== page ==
Urban wildlife is a contradiction in terms. How wild are creatures that exist in a human created environment? The answer is, that though their surroundings may be human made, the animals and plants are very wild indeed.
The Montlake Fill -- a reclaimed garbage dump that has become a showpiece for the University of Washington's Center for Urban Horticulture -- is a study in those kinds of contrasts. Its ponds and paths are tended by some of the best minds in the state, but it is still an urban place, full of wanderers and runners, with a flock of starlings chattering in one of the cottonwoods.
And yet it is wild. That's why people come. Cottonwood seeds waft through the air, sparrows call from every shrub, and warblers lurk between the leaves (I spotted a common yellowthroat).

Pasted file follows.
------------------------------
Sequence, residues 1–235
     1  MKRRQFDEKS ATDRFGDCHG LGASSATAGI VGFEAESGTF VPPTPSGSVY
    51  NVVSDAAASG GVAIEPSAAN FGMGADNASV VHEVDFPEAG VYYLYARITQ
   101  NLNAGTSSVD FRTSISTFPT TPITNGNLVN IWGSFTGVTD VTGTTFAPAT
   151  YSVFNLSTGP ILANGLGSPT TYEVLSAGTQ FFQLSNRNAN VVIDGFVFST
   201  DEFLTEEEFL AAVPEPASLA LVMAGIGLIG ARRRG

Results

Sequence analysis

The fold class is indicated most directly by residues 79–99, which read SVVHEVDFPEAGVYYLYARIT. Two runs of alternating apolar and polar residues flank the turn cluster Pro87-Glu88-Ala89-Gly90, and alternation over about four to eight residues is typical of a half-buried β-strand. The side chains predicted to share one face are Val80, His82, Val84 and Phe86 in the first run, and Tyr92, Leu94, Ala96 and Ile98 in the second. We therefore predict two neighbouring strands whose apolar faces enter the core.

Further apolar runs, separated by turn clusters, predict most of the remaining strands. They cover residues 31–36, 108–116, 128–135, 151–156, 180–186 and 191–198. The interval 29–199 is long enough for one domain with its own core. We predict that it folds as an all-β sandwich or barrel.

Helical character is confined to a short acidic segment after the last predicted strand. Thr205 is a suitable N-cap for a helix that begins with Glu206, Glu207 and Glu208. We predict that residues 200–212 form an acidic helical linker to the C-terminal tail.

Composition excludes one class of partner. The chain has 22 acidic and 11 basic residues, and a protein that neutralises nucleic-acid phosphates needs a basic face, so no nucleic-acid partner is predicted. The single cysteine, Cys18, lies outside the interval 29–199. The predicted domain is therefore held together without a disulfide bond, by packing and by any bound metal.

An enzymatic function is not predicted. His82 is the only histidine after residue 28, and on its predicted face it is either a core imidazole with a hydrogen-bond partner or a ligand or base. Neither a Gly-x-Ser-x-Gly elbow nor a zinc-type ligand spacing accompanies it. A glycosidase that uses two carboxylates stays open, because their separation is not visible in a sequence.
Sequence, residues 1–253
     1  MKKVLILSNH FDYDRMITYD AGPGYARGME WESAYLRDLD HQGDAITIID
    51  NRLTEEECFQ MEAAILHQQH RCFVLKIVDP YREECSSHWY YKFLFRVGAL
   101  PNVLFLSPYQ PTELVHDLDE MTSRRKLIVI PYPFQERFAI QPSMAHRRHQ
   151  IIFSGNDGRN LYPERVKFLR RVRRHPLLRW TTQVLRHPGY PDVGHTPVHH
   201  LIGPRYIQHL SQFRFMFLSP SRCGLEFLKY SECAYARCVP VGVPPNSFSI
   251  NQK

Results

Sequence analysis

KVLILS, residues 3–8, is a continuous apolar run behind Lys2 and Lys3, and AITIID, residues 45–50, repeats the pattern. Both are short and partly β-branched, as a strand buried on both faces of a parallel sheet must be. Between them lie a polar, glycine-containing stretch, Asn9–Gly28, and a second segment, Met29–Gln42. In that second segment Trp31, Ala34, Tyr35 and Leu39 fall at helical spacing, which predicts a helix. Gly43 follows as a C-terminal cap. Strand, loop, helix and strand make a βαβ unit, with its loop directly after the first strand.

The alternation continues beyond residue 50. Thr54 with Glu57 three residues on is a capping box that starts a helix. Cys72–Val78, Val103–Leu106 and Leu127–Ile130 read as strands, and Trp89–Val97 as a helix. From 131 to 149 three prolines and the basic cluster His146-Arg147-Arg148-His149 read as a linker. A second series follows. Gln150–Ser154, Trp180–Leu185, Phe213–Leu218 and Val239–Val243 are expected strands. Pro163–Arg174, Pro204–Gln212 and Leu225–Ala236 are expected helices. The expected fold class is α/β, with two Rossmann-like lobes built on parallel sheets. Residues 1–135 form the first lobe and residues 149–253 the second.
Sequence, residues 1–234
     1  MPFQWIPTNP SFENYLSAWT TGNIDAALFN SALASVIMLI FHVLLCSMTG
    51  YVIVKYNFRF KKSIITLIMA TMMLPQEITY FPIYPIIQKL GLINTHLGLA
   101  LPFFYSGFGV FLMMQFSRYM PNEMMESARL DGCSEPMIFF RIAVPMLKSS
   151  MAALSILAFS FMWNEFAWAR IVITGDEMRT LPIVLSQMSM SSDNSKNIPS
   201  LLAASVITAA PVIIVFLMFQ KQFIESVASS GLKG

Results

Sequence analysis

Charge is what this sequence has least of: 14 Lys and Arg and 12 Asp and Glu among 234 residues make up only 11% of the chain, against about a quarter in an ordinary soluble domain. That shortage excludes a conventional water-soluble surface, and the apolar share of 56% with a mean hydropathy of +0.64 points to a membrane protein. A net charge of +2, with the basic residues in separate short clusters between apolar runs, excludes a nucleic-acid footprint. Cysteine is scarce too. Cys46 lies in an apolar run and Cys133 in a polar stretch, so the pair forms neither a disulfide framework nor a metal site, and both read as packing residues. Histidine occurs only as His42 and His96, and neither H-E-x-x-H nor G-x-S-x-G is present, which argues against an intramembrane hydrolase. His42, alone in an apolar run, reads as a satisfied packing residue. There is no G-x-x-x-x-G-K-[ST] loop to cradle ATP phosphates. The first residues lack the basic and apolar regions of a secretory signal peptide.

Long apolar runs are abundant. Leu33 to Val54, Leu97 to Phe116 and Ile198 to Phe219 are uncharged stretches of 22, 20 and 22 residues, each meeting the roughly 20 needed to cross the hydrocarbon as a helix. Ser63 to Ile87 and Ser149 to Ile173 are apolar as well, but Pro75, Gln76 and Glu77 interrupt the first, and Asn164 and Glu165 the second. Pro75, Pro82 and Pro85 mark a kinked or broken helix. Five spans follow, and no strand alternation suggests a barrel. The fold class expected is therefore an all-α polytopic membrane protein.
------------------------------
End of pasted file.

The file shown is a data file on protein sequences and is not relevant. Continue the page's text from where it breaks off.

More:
(I don't know what the flowers are, but I like the picture.)
Shoveler's Pond had northern shovelers on it, and the male was in the mood for courting, bobbing his head constantly.
Swallows (barn and tree) were out in force, and a Great Blue Heron fished offshore.
But the most entertaining birds were the red-winged blackbirds: males singing belligerently from cattails, males and females driving off crows, males joining forces with crows to drive off a bald eagle. The drama was all there.
Mount Rainier looked nice too.
One grim note: a dead beaver by the lake shore.